People in this career need to:
- Read and understand work-related materials.
- Express ideas clearly when speaking or writing.
- Listen to others, understand, and ask questions.
- Use reasoning to discover answers to problems.
- Analyze ideas and use logic to determine their strengths and weaknesses.
- Combine several pieces of information and draw conclusions.
- Identify problems and review information. Develop, review, and apply solutions.
- Judge the costs and benefits of a possible action.
- Notice when something is wrong or is likely to go wrong.
- Develop rules or follow guidelines for arranging items.
- Determine how a system should work. Study how changes in conditions affect outcomes.
- Think of new ideas or original and creative ways to solve problems.
- Identify ways to measure and improve system performance.
- Understand new information or materials by studying and working with them.
- Concentrate and not be distracted while performing a task.
- Use math and science skills to solve problems.
- Add, subtract, multiply, and divide quickly and correctly.
- Manage the time of self and others.
- Check how well one is learning or doing something.
- Use several methods to learn or teach others how to do something.
- Be aware of others' reactions and change behavior in relation to them.
- Persuade others to approach things differently.
- Analyze needs and requirements when designing products.
- Design equipment and technology to meet user needs.
- Test and inspect products, services, or processes. Evaluate quality or performance.
- Watch gauges, dials, and output to make sure a machine is working properly.
- Write computer programs.
- Identify a pattern (a figure, object, word, or sound) that is hidden in distracting material.
- Imagine how something will look if it is moved around or its parts are rearranged.
- Quickly and accurately compare letters, numbers, objects, pictures, or patterns.
Reason and Problem Solve
Use Math and Science
Manage Oneself, People, Time and Things
Work with People
Work with Things
Perceive and Visualize
People in this career need knowledge in the following areas:
- Biology: Knowledge of plants, animals, and living organisms and how they function.
- Mathematics: Knowledge of the rules and uses of numbers. Areas of knowledge include arithmetic, algebra, geometry, and statistics.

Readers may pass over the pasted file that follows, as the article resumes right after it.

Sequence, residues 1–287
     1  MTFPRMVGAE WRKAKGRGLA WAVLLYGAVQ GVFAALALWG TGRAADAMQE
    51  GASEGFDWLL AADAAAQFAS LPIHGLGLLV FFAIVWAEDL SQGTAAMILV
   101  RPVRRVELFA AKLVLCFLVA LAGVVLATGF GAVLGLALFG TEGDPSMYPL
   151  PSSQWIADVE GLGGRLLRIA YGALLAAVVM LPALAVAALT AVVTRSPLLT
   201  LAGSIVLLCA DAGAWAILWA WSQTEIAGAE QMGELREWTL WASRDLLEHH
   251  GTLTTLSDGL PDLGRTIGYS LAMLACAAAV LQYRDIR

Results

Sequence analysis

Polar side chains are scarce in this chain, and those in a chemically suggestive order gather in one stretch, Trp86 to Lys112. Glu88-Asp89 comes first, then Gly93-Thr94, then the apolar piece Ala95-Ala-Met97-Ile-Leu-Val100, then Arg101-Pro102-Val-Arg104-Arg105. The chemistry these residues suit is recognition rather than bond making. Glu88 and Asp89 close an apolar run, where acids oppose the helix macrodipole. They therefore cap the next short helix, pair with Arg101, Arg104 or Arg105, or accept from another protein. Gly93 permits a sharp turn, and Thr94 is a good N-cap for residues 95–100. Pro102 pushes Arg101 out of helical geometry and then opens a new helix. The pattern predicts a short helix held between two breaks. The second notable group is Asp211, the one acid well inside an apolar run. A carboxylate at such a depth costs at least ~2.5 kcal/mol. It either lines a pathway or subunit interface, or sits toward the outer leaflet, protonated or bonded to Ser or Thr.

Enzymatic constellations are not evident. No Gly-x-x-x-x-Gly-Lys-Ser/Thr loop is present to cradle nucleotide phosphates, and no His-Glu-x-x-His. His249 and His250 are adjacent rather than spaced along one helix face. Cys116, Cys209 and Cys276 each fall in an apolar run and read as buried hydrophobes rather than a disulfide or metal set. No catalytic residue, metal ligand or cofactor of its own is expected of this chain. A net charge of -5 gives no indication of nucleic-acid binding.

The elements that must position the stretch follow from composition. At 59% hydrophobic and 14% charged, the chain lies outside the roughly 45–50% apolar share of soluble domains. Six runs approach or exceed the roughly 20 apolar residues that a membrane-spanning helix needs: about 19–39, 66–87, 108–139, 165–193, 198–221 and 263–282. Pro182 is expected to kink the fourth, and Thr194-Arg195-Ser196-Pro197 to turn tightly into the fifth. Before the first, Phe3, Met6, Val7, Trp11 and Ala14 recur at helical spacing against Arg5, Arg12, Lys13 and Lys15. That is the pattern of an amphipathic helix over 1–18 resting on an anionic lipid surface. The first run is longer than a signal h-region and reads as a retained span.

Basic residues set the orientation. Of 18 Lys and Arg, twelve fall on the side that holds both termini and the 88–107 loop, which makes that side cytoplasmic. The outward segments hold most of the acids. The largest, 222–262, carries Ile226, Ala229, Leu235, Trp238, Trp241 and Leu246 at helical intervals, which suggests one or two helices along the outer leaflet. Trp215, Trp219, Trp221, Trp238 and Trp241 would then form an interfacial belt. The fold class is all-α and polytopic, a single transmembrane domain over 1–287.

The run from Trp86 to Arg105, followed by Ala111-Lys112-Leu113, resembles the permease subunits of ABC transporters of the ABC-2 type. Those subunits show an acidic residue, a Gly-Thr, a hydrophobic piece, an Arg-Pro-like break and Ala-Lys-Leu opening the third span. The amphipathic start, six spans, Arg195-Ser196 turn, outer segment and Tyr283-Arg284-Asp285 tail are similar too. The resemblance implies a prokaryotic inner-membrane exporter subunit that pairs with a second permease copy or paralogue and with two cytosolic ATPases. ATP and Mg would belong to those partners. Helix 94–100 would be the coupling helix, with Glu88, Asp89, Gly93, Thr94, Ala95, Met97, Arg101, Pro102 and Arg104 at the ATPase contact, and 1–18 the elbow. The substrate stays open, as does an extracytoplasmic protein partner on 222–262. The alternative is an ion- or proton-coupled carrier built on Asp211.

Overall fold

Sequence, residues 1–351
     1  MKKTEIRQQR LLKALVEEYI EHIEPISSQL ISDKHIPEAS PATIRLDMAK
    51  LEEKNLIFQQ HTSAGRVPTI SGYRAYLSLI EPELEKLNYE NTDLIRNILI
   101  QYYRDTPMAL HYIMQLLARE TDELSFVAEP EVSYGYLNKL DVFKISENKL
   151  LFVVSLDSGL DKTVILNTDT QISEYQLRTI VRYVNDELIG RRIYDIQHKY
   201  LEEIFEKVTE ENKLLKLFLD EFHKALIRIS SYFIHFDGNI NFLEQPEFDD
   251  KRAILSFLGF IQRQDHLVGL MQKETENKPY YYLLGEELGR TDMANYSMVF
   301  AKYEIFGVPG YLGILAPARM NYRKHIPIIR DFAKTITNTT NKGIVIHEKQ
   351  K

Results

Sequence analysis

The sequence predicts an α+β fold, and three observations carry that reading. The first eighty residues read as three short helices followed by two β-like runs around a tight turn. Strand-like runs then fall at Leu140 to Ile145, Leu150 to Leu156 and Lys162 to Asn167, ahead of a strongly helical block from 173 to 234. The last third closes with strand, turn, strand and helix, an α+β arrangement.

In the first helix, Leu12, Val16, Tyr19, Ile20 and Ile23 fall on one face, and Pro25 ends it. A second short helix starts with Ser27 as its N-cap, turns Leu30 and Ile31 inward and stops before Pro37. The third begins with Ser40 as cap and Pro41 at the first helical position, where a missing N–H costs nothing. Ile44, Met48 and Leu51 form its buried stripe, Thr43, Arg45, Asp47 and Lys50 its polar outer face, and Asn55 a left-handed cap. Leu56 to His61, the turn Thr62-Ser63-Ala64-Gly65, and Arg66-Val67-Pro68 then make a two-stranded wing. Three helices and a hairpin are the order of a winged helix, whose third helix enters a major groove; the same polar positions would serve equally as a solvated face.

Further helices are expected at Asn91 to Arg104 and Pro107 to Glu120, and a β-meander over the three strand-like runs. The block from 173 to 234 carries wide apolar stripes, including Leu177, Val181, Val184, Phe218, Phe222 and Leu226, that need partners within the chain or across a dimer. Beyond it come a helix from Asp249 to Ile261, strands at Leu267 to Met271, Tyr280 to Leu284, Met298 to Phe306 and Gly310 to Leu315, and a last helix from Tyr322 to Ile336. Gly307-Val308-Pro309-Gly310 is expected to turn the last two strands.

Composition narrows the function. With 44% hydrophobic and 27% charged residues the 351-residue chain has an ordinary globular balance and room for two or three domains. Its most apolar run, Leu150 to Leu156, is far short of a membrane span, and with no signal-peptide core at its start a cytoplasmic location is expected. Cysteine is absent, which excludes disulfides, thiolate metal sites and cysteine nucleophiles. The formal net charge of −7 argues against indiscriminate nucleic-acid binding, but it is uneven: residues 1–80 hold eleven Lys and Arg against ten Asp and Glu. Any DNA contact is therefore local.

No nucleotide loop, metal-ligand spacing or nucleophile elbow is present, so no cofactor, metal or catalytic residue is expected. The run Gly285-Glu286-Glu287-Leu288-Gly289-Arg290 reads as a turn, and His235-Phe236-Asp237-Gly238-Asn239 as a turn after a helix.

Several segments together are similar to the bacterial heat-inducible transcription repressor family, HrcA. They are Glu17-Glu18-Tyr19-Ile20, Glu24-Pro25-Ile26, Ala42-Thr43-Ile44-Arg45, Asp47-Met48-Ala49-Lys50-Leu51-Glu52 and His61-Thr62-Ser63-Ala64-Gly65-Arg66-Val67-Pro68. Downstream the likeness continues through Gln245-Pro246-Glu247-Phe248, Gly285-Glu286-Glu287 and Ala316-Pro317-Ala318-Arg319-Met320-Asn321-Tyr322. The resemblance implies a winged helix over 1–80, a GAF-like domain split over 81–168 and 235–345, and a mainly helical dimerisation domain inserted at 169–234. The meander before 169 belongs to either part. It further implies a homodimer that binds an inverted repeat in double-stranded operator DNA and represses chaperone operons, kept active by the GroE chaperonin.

- Engineering and Technology: Knowledge of how to build machines, buildings, and other things. Also includes knowledge of how to use computers, machines, and tools to do work more usefully.
- Physics: Knowledge of the features and rules of matter and energy. Areas of knowledge include air, water, light, heat, weather, and other natural events.
- English Language: Knowledge of the meaning, spelling, and use of the English language.
- Chemistry: Knowledge of the properties of substances and the changes that occur when they interact.
- Computers and Electronics: Knowledge of computer hardware and software.
- Design: Knowledge of making and using plans, blueprints, drawings, and models.
- Medicine and Dentistry: Knowledge of injuries, illnesses, and defects. Also includes the knowledge of setting up a plan for treatment.
People in this career are people who tend to:
- Consider independence important. They like to make decisions and try out ideas on their own. They prefer jobs where they can plan their work with little supervision.
- Consider achievement important. They like to see the results of their work and to use their strongest abilities. They like to get a feeling of accomplishment from their work.
- Consider good working conditions important. They like jobs offering steady employment and good pay. They want employment that fits their individual work style. They may prefer doing a variety of tasks, working alone, or being busy all the time.
- Consider recognition important. They like to work in jobs which have opportunities for them to advance, be recognized for their work, and direct and instruct others. They usually prefer jobs in which they are looked up to by others.
- Consider relationships important. They like to work in a friendly, non-competitive environment. They like to do things for other people. They prefer jobs where they are not pressured to do things that go against their sense of right and wrong.
- Have investigative interests. They like work activities that have to do with ideas and thinking. They like to search for facts and figure out solutions to problems mentally.
- Have realistic interests. They like work activities that include practical, hands-on problems and solutions. They like to work with plants, animals, and physical materials such as wood, tools, and machinery. They often prefer to work outside.
Source: Minnesota Department of Education.